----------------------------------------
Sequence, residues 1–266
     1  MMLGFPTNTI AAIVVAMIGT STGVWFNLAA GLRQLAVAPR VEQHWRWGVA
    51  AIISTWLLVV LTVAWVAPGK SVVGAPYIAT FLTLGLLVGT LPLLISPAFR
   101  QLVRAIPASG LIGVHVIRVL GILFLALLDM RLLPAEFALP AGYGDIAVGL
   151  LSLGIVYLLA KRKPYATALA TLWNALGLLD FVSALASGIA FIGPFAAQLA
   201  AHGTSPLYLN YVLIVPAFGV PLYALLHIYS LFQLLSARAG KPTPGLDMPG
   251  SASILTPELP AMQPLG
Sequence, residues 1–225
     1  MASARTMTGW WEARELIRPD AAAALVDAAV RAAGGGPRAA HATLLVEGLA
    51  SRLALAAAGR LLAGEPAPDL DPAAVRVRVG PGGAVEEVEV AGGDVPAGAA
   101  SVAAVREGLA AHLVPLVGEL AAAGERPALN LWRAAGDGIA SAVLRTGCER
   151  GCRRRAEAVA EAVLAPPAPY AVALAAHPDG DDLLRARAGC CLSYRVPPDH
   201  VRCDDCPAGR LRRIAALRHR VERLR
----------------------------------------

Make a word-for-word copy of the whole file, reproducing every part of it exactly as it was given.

Sequence, residues 1–266
     1  MMLGFPTNTI AAIVVAMIGT STGVWFNLAA GLRQLAVAPR VEQHWRWGVA
    51  AIISTWLLVV LTVAWVAPGK SVVGAPYIAT FLTLGLLVGT LPLLISPAFR
   101  QLVRAIPASG LIGVHVIRVL GILFLALLDM RLLPAEFALP AGYGDIAVGL
   151  LSLGIVYLLA KRKPYATALA TLWNALGLLD FVSALASGIA FIGPFAAQLA
   201  AHGTSPLYLN YVLIVPAFGV PLYALLHIYS LFQLLSARAG KPTPGLDMPG
   251  SASILTPELP AMQPLG
Sequence, residues 1–225
     1  MASARTMTGW WEARELIRPD AAAALVDAAV RAAGGGPRAA HATLLVEGLA
    51  SRLALAAAGR LLAGEPAPDL DPAAVRVRVG PGGAVEEVEV AGGDVPAGAA
   101  SVAAVREGLA AHLVPLVGEL AAAGERPALN LWRAAGDGIA SAVLRTGCER
   151  GCRRRAEAVA EAVLAPPAPY AVALAAHPDG DDLLRARAGC CLSYRVPPDH
   201  VRCDDCPAGR LRRIAALRHR VERLR